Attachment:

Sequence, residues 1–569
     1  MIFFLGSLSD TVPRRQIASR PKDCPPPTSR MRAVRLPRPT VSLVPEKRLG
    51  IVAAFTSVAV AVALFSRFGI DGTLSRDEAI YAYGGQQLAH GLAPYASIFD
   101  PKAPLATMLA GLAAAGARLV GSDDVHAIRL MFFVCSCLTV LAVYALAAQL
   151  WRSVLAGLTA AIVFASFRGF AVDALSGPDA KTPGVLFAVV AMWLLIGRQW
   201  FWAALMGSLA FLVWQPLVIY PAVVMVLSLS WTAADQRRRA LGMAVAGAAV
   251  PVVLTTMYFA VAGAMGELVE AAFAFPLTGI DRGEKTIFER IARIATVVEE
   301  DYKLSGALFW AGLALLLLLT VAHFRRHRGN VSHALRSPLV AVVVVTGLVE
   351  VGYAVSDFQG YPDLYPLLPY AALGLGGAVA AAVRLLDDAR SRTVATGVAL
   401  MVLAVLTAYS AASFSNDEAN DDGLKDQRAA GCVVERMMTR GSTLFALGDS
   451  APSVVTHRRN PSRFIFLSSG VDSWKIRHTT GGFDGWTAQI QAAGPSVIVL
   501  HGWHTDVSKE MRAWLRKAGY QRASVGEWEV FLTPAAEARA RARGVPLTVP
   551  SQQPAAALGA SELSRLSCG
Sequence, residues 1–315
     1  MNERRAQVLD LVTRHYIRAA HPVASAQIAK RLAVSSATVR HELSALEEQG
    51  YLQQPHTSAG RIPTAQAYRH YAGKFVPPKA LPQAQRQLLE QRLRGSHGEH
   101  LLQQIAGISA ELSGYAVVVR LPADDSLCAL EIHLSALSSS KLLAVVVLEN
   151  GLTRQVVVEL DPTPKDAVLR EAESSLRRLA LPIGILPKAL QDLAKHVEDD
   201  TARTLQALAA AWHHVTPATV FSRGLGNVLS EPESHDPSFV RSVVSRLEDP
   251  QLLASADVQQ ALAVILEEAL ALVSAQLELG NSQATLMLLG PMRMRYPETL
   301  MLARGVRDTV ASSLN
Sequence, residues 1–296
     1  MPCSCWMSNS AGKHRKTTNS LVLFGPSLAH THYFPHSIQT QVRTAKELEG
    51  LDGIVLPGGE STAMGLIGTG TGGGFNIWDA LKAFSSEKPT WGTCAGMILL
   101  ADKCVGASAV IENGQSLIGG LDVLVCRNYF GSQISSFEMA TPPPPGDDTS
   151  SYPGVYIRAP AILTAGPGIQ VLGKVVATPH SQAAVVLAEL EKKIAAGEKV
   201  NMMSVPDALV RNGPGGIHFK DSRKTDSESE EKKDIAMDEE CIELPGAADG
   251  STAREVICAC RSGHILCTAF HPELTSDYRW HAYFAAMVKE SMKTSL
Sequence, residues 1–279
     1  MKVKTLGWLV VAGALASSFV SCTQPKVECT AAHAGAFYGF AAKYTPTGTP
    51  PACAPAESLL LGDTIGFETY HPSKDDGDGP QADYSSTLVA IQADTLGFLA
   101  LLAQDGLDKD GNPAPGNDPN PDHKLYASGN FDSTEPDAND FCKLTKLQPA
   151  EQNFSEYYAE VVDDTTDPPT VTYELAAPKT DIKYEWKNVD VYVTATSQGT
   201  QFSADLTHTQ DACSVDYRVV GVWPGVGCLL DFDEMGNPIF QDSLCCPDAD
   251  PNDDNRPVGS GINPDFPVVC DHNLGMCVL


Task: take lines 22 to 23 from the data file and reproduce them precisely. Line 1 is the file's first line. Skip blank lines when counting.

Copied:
Sequence, residues 1–296
     1  MPCSCWMSNS AGKHRKTTNS LVLFGPSLAH THYFPHSIQT QVRTAKELEG